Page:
In the times between getting in bed and going to sleep, all I've been thinking about are colored blocks, and their potential for both defense and attack. I've got to figure out the perfect blueprint for space based death.

This is Australian indie developer Farbs' Captain Forever, a free, browser based game that has you drive a small spaceship, shoot others and harvest their corpses for parts to then make yourself larger and more deadly.

In space no one can hear you build, etc.

So do I make a ship that's long and thing, maximizing broadsides so that I don't have to worry too much about a turning circle? Or perhaps it should just be wide to create a huge forward force. One of the most successful ships I've used had a set of long blocks defending each gun, effectively creating barrels for them that stopped them getting picked off by enemy fire.

The problem is, really, that no matter how you're wanting to craft your creation, no plan survives contact with the enemy; you can't hit a pause button while you weld each piece in place, and instead have to just hope that there aren't enough enemies in the area that you can glue together something serviceable without drawing fire. The longer you spend, the higher the risk goes up.

COLUMN: Alt Space: New Horizons

November 18, 2009 12:00 PM |

GSW%20SH%202.jpg['Alt Space' is a regular GameSetWatch-exclusive column by critic and writer Phill Cameron, discussing the relationship between the personal computer and gaming. In a haze of stars and the sleep-deprived state of 2am, he's been floating through the obtuse beauty of Shattered Horizon. Which he thinks is pretty brilliant.]

Sensory deprivation is a powerful thing. It can lead to hallucination, loss of self, and the enhancement of whatever senses still operate. So when you're left alone, in space, the harshness of the sun glaring in through what little protection your visor provides, left only with the heavy beat of your heart and the mechanical sound of your breathing. Left alone in nothing, it's understandable to get a little sentimental.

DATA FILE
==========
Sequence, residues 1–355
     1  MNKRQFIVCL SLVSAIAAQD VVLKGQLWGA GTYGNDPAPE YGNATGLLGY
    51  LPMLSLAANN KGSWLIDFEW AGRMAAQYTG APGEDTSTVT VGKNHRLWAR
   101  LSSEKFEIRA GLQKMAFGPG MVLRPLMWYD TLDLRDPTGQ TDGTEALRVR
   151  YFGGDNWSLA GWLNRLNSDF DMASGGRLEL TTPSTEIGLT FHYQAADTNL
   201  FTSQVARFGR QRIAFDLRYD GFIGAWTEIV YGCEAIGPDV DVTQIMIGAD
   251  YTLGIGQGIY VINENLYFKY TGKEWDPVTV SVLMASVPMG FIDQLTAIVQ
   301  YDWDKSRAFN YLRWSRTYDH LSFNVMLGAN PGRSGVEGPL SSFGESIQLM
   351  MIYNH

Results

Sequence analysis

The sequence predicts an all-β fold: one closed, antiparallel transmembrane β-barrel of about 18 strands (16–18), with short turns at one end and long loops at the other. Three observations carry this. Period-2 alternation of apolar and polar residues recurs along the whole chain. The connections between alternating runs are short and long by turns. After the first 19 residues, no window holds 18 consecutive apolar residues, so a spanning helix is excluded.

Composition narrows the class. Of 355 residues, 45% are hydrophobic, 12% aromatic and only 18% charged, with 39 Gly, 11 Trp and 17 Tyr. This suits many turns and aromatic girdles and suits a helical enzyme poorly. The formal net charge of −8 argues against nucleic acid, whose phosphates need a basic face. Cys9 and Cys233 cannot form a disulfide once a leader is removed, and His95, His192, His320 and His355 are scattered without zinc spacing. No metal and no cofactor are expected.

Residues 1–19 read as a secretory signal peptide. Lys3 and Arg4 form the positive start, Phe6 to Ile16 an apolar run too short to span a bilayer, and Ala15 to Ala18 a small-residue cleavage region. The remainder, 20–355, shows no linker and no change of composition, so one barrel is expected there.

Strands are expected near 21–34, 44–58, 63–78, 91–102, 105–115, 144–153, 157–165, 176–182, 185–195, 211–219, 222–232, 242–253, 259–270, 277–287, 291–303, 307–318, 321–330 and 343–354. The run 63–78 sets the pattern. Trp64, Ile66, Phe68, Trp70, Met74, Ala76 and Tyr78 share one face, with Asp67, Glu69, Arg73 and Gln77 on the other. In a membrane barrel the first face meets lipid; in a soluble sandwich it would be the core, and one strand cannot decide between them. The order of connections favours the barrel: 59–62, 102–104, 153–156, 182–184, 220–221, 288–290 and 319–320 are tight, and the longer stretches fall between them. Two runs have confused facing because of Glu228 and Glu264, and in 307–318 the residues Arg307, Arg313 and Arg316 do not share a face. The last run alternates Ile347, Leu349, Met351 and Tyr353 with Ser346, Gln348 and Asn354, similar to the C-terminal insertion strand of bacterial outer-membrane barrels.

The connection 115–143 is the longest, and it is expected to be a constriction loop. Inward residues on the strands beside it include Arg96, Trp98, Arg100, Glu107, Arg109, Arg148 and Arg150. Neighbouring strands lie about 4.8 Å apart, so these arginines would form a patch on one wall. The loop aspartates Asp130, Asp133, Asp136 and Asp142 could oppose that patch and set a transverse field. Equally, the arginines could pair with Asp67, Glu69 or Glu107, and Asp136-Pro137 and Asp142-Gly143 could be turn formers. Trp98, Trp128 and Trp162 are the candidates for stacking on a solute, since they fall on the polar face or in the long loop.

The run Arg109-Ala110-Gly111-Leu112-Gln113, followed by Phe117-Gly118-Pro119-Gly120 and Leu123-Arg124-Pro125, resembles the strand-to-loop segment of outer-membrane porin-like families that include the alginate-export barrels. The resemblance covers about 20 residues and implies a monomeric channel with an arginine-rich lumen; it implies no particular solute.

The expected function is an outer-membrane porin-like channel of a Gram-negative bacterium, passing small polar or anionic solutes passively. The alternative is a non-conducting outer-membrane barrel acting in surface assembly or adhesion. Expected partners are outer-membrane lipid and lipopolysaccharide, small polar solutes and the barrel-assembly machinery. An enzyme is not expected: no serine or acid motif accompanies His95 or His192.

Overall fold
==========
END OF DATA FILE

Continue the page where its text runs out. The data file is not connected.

And when you start seeing what's going on around you as some sort of elaborate ballet, mixed with a bit of pyrotechnics and bulky spacesuits pirouette through the nothingness, the odd flare of blue or yellow as they fire their jets, tracer fire lighting up the sky as debris meanders around purposelessly, well...

Then the trusty computerized voice of your on board computer informs you that suit functions are returning, and the virtual sound grid kicks back in, illuminating the soundscape as the sun so harshly washes everything it touches. Guns bark angrily, jets growl into life, and grenades roar. All of a sudden this isn't some surrealist performance; this is life and death.

COLUMN: Alt Space: War Ain't No Fun

September 5, 2009 12:00 PM |

GSW%20WW%201.jpg['Alt Space' is a regular GameSetWatch-exclusive column by critic and writer Phill Cameron, discussing the relationship between the personal computer and gaming. Sweeping his gaze across the esoterica of PC gaming, today he regards WW1 Medic, and the success it has portraying the essence of war, and the implications of that portrayal.]

Two dots and a curve. That's all you need, these days, to denote happiness. The entire culture of smilies and emoticons has grown up around the basic principle that facial expressions can be boiled down into a few markings and thrown from the keyboard across the aether, until the person on the other end knows you're joking, happy, angry or sad.

A simple concept, arguably trivialising the infinite capacity for human emotion, the massive number of combinations those 52 muscles resident in the human face can amass. So there you have it, two dots and a curve, boiling something down into it's essence, with little lost in the process.

COLUMN: Alt Space: This Port Is Tart